‘Race,’ Class, Caste And Other Excuses For Discrimination
At the very inception of this column let me explain why I have apostrophized the first word in its title: it is because it has been misused more than any of the other of the terms of division in that title, denigrating groups of people deliberately and with malice.
Recently, in the course of an exchange of emails, a friend inquired whether attempts were not made during the last Presidential election to identify Sarath Fonseka as belonging to the Karava caste, thereby suggesting that he was, in some way, ‘inferior’ to his opponent at the time, Mahinda Rajapaksa, who belonged to the Govigama or Cultivator caste. Having a clear recollection of several news items in one English daily, in particular, I replied in the affirmative because I recalled discussion, in that same paper, of strategies, not only to denigrate Fonseka on the basis of caste, but to send in people of that very caste to ensure that the people of Ambalangoda, Fonseka’s home town and a Karava bastion, would cross caste lines and support Mahinda Rajapaksa. This was deliberate manipulation of one of the most sensitive marks of identification in this country and one which was fraught with peril because of its potential to generate the kind of violence of which there had been too many ugly instances in the past.
Before this, one of the English-language dailies did an extensive exploration of the political role played by alleged leaders of the Durawe community, pointing out how, when Bernard Soysa was a very prominent theoretician and leader of the Trotskyist Nava Lanka Sama Samaja Party he was prepared to lay aside his party’s revolutionary Socialist principles (and rhetoric) and pay obeisance to the leader of his caste at the time, N. U. Jayewardene, a prominent ‘practicing capitalist’ if ever there was one! Interesting behaviour indeed by someone who belonged to a political party that claimed to abjure such narrow and primitive lines of separation!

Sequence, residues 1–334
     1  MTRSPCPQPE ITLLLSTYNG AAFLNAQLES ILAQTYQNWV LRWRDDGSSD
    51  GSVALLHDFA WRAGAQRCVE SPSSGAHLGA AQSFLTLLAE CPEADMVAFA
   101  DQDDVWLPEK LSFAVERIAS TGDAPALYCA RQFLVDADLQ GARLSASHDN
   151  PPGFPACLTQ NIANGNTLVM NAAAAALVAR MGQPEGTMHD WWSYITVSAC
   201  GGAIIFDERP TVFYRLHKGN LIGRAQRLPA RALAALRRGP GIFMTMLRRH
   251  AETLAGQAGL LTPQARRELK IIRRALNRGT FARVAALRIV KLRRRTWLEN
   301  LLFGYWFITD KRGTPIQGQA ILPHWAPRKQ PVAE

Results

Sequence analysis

The great unifier, however, which cut across these dividing lines has been wealth and the elevated social position that came with that affluence. Also, in recent times it seems like, if the scion of a prominent family married below his ‘caste-standing,’ if I might coin a term, he could, by virtue of power and position, wash away the ‘stain’ of ‘low caste’ from the family escutcheon! Not only could such ‘stains’ be washed away but so could any that accrued by marrying completely outside one’s community/ ‘race.’
One might understandably assume that those belonging to that category of the Sri Lankan citizenry accurately defined as Euro-Asian would not come within metaphorical miles of such prejudice. Not so, I’m afraid. I have very clear recollections of my parents’ and even my generation speaking disparagingly of those of similar genetic background as inferior, based on one parent, usually the female one, belonging to a ‘lower caste’ or a community considered ‘inferior’ by the standards prevailing in that society at that time. The pecking order in many Eurasian circles would begin with the Radala Govigama and descend through the lower’ castes of the Sinhalese community group. Those of a different ‘race’ such as Tamils, Malays or Muslims were fitted in at a level dictated by the whim or fancy of the person(s) making the determination, but certainly at a lower level, particularly if there was a caste category that could be applied as in the case of someone of Tamil ethnicity!